Jim bought this car in 2011 from Vic Petco, who had restored it. In the five months since February 2012, Jim has driven it 5,000 miles across 5 states; what use is a car that isn’t driven.
The Graham brothers started a company in 1919 to modify Ford Model T & TT’s into trucks. Then they built trucks using Dodge engines that were sold by Dodge dealers; and Dodge bought the Graham brother’s truck business in 1925. In 1927 they began manufacturing automobiles.
Most Grahams were four door models but demand drove the company to chop the body to a two door coupe. The Graham brothers were Catholic and benefactors of the Church; they gave Pope Pius XII a custom made Graham-Paige Landaulet, which was the first Pope-mobile; this is also documented in a book, The Graham Legacy, Graham-Paige to 1932 by Michael E. Keller. From 1934, an optional supercharger was available. In fact, a supercharged Graham won the Mobil economy run three times during the late 30s. In 1938, 18,000 Grahams were sold yet in total for 1939,1940 & 1941 only 8,000 were sold. Even though the car was competitively priced with Buick, Oldsmobile and Packard (the 1940 Graham cost $ 940) the public didn’t buy them. Automobile production ended in 1947 when all the stock was sold to Kaiser-Frazer.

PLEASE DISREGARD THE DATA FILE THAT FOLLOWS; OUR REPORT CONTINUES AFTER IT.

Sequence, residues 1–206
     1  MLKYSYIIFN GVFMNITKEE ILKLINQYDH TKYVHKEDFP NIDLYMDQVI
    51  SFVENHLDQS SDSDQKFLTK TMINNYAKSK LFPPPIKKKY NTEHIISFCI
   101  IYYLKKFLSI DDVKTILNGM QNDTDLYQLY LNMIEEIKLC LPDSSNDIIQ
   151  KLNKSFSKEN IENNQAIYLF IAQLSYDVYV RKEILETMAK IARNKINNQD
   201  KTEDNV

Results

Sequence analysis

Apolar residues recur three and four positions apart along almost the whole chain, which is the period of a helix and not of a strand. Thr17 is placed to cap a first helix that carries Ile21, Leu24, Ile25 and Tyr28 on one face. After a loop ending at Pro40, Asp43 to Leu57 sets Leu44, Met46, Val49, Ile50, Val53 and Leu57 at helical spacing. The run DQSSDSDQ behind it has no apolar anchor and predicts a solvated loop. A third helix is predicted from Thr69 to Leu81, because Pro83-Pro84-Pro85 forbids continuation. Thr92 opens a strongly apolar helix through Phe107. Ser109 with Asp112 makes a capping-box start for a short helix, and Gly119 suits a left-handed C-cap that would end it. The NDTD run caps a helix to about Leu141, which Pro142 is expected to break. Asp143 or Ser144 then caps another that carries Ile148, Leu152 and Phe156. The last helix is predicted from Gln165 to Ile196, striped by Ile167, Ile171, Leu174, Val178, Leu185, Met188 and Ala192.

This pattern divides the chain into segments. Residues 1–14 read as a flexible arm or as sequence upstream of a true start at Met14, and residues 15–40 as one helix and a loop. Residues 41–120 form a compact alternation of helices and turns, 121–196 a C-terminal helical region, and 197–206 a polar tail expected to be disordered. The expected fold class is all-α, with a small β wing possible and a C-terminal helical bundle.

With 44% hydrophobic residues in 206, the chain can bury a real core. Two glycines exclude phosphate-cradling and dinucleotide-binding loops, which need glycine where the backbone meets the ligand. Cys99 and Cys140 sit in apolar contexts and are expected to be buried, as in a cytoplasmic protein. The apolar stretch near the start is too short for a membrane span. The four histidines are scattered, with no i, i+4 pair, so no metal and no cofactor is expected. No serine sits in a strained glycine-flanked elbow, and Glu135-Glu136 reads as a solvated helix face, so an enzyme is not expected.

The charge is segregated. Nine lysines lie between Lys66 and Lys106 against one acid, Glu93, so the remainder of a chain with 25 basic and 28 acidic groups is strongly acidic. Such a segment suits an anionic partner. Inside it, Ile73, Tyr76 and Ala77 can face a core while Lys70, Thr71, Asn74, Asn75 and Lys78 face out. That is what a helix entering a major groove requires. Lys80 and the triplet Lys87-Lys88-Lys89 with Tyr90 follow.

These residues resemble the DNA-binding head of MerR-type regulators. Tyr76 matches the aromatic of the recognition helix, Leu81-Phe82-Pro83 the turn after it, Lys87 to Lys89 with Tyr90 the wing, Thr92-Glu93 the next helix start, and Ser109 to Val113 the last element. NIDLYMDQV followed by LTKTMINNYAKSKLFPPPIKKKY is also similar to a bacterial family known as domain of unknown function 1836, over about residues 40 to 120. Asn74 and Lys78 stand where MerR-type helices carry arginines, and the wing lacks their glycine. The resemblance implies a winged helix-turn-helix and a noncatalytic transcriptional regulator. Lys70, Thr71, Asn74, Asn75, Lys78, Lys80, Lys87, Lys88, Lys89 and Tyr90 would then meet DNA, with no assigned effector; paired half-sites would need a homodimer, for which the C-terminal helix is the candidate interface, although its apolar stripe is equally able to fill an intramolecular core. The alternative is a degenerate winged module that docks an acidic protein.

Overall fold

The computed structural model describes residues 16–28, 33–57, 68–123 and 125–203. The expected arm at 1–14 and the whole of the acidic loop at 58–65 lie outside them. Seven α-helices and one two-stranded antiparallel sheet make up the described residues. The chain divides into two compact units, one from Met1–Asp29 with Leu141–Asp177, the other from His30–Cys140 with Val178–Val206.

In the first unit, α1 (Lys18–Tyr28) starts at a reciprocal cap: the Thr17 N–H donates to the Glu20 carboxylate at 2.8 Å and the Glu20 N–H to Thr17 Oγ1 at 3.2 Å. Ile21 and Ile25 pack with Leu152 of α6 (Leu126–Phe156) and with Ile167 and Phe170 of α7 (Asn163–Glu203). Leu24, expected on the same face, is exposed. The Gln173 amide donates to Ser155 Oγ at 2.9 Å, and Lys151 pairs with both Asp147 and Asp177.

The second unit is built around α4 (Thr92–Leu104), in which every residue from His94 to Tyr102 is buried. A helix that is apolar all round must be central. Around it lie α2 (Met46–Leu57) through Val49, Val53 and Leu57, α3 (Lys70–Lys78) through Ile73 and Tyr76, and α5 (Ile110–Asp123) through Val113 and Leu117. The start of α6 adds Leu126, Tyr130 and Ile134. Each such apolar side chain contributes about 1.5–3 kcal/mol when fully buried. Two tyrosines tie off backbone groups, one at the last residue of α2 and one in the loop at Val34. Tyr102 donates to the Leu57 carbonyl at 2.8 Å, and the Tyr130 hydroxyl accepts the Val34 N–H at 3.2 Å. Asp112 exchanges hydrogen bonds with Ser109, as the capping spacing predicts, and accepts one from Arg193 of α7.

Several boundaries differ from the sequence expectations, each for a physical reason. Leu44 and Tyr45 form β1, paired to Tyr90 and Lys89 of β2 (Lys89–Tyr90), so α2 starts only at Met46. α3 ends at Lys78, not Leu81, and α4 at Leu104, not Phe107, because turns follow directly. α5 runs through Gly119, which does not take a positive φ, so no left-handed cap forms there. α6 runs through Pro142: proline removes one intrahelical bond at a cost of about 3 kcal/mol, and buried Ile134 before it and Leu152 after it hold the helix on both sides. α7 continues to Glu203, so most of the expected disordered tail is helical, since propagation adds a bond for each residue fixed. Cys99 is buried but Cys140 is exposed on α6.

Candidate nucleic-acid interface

Only about 20 remain today; it is rarer than the also ‘ahead of it’s time’ Tucker. I missed a chance to photograph one of those on father’s Day 2011 but had no idea I’d want pictures now.
It’s a Retro-Rod. The body (dubbed ‘shark-nose’) is stock but it is a custom hot rod inside. Power is by Chevrolet … a ‘small block’ 350 cubic inch 330 horsepower. The trans is 700R4 overdrive. The read end is a 12 bolt Chevy. The suspension is late-model Chevy. It’s air conditioned and power-everything.